In creating our first outdoor style, I discovered the wonderful world of sphere maps! If you haven’t read Peter’s blog post Mapping Mountains, please do so. It provides a historical overview on the mapping of mountains and also goes over Mapzen’s elevation data in detail and the various techniques we can use to display elevation on maps.
After exploring the various options Peter outlined on his blog post, I chose to use the sphere map technique for our first outdoor style called Walkabout. The technique of sphere mapping is a familiar one in video games and film VFX. It’s an inexpensive way to add detail to 3D objects by using a texture image, but instead here we’re using the texture to create the lighting on the map. Imagine, a 256x256 pixel image can compose the lighting for an entire map! The process of translating pixels from micro to macro is completely fascinating.
Let’s go straight to my experiments below and discover what sphere maps are all about. In my curiosity, I tested out various mediums from pencils to watercolors to see what kind of textures would emerge on the map. Each iteration was a delightful surprise. Sometimes I thought I could predict the outcome and would work towards that picture in my mind. Other experiments were pure tests wherein I had no expectation whatsoever about a certain result.
Here’s one of the first sketches I did with pencil.
Nathaniel’s light chart above could help you picture how the light is being drawn onto the map. I like how the paper grain from the first pencil sketch came through on the map. For the next test, I tried a smudged pencil drawing.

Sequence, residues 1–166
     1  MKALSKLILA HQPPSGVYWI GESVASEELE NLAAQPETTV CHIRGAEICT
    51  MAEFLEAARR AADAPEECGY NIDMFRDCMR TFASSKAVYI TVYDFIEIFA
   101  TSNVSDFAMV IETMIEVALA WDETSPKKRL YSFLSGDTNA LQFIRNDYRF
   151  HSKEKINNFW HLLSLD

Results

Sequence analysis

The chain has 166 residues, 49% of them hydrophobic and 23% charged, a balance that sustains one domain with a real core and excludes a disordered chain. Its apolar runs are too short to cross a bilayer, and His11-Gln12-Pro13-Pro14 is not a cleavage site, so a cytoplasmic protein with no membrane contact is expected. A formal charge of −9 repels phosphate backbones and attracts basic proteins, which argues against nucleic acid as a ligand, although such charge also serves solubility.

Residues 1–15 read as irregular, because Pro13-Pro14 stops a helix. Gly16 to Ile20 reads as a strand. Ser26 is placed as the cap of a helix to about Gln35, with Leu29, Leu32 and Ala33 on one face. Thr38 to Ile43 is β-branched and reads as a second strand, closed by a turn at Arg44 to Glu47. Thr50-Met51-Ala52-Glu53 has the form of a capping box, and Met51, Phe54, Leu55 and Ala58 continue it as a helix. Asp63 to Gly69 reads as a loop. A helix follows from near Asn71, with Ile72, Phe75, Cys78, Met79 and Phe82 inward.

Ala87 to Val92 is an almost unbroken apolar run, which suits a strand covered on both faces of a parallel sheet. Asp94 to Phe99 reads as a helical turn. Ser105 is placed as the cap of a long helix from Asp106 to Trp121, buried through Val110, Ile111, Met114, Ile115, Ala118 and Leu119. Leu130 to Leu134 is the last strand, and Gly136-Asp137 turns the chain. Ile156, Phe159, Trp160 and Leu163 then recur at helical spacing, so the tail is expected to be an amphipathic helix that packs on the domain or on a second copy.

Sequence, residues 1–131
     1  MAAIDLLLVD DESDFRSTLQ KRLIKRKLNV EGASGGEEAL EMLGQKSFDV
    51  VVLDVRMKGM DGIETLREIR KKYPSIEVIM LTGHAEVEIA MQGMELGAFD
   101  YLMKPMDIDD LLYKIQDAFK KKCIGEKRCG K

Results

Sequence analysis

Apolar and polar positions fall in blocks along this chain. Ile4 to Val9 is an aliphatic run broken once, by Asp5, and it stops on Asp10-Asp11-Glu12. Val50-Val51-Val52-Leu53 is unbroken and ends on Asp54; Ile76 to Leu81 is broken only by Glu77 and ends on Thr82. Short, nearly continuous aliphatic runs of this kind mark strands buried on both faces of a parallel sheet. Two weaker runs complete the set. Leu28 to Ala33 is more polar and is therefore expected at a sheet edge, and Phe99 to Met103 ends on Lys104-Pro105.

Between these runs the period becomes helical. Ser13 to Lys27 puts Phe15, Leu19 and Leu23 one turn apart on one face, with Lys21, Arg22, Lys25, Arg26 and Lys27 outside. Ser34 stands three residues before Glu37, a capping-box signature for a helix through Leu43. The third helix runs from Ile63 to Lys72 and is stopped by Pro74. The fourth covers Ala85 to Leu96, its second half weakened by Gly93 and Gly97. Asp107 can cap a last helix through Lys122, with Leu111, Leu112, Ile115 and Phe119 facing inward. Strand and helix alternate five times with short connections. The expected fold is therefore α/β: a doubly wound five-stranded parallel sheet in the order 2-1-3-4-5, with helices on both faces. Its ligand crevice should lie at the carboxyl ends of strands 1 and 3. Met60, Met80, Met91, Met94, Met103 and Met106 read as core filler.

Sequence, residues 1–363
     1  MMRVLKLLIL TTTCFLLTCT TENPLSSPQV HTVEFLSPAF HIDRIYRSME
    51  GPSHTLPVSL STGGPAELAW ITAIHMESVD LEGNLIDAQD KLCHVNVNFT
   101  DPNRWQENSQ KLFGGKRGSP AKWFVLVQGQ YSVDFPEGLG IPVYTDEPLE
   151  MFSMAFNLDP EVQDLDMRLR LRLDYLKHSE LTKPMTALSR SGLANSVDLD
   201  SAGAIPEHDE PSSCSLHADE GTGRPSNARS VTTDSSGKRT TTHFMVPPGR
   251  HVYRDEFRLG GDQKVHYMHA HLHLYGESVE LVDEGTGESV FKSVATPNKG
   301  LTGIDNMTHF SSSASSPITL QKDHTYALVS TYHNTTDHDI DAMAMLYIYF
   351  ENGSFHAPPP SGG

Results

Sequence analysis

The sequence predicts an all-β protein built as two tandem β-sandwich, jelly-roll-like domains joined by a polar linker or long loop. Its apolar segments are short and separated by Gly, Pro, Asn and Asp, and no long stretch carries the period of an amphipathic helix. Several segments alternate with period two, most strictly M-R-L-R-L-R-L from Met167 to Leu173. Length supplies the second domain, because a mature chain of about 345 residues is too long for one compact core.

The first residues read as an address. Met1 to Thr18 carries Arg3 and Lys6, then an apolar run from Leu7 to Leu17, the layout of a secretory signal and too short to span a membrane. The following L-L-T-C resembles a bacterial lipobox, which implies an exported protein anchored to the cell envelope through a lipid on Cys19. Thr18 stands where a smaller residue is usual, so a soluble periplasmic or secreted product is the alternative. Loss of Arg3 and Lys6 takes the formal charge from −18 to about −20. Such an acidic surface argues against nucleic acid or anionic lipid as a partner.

With watercolors, you can create a natural smooth gradient, which is perfect for sphere maps.
I had to try stripes! Surprisingly they work!
Glitch produces a marbling effect at higher zooms.
Another intriguing feature about sphere maps is that it comes in the form of a flat circle - transforming into a sphere then translating to the lighting on the map. The circle is a universal symbol. It has multiple levels of meaning in various cultures and mythologies. We find circles all over nature. Images of our sun, our planet and planetary movements come to mind. The cycle of time, the growth pattern of trees, the shape of ripples when you throw a rock on the water. What about the shape of bubbles?
This particular sphere map below is an ink bubble drawing by artist Roland Flexner. He created a drawing series by blowing ink-and-soap bubbles onto paper. These bubble painting are worlds within themselves. I was curious to see what kind of map these bubble paintings would create.
Scientist and artist Kelsey Brookes paints the invisible worlds of atoms and molecules. Brookes’ molecular paintings explore scale from atomic structures up close to resonating and reverberating universes from afar. View the map below created with one of his circular paintings.
The pencil drawing below is the sphere map we chose for our outdoor style Walkabout. View the complete style here. The map shows solid bright blue for water areas in contrast with the grayscale earth and terrain layer which provides the base upon which all other map layers sit. To learn more about Walkabout cartography, click here to see Nathaniel’s tour of our outdoor style.
Sphere Map Demo
Now that you’ve had a taste of what sphere maps can do, explore and paint your own with this amazing demo Peter built below.
2016.07.07 - Clarify Walkabout example shows shaded relief only, not full map style.